Upon reaching the Supai Tunnel, I told John that he should keep a temporary camp while I hiked up the North Rim and reached the group for assistance. I set him up as best as possible to preserve his energy and body heat before hiking out on my own. Dusk was just settling in when I left and so it was completely dark soon enough before making it out on top. I was able to hitchhike to the North Rim lodge to call the group over for assistance.

It’s a mental, as well as, a physical challenge.

Any challenges early on for that day’s hike was not unlike what one would expect for any other typical day hiking out of the Grand Canyon. Time above all else was a concerning factor. We wanted to get through past Cottonwood the sooner the better so the day’s heat would be less of a factor. And we wanted to get up the North Rim with as much daylight and warmth as possible still available left to us. And, of course, the relentless climb up the North Rim would be a challenge. That made getting past Cottonwood as early as possible even more important since we knew the climb up would likely be a slower than usual ascent.  

John’s particular challenge was more about his body’s ability to physically complete the day’s hike. Although his day started in much better shape than the previous day and a half, I knew his body could replenish only so much of its energy reserve in such limited time to recover. That became apparent with us still a few miles short of the North Rim. And with his body battling the climb, his appetite again turned very defunct. Any food outside the occasional sip of water became intolerable.

The end of John’s hike presented a couple challenges, one of keeping him warm while I hiked out by myself and brought back some assistance and then the actual hike out to get in touch of my group for some assistance. Up along the North Rim, the temperature dropped quickly as the sun hid behind the canyon walls and John’s body could get in trouble from hypothermia after working itself so hard the past couple days.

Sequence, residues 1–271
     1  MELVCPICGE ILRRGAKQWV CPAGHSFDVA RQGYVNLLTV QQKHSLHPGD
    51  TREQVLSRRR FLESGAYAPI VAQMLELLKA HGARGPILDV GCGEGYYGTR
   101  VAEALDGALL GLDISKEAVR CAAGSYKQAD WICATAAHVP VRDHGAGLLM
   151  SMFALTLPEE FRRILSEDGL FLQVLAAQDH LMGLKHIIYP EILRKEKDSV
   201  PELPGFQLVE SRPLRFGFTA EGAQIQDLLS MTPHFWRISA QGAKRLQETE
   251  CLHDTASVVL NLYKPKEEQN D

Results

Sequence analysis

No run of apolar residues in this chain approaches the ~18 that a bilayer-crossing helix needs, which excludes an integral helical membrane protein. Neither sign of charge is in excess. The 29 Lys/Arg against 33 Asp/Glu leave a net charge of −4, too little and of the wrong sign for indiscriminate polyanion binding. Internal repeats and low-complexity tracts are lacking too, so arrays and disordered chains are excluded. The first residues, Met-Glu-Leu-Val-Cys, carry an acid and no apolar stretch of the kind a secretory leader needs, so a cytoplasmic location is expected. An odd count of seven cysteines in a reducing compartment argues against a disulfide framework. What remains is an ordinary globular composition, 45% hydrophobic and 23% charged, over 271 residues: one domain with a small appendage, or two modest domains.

Addressing and alleviating John’s symptoms.

We managed our time as best as we could by getting out of Bright Angel before sunrise, pushing the day’s early pace as much as John could take it, and rewarding ourselves with a good rest break and meal at Cottonwood camp. And then just took whatever time necessary for John to make it up the North Rim as far as he could.

Knowing John’s body would be near its physical end the closer to the North Rim we hike, I did my best to get John to regularly snack and feed his body through the day’s hike, to the point I’m sure he picked up his pace just to stay away from me.

Making camp at the Supai Tunnel, I did my best to assure John could maintain his body warmth while waiting for me to bring back some assistance. I had him sit on a sleeping pad atop of a large rock while I cooked him a small meal and covered him in a reflective blanket as he ate it. Before leaving, I laid out a sleeping bag for him, gave him a Nalgene of hot water and told him to sip it slowly and encouraged him to snack on some bars with it.

John’s determination to beat the heat from an observer’s standpoint.

Considering what John went through that evening at Bright Angel camp through the following day up Pipe Creek and recovering afterwards, John did fairly well. He fully trusted my guidance and understood the situation we were in at every major step of the way back to the North Rim.  His motivation level on the return hike to the North Rim was very high. Upon reviewing our plan the preceding evening, he clearly understood how difficult this hike back could be for him and exhibited confidence in making it out fine as long as we managed the hike and time efficiently. That morning we maintained a good steady pace upon leaving Bright Angel all the way through just past Cottonwood. Naturally, as the climb progressively became a challenge for him and his body couldn’t help but give out on him, his motivation level dipped significantly.  His hike for some two-thirds of the way was strong and steady. But the last five or so miles saw the trail start its climb up the rim and John’s body eventually worn down too much to finish out the trail.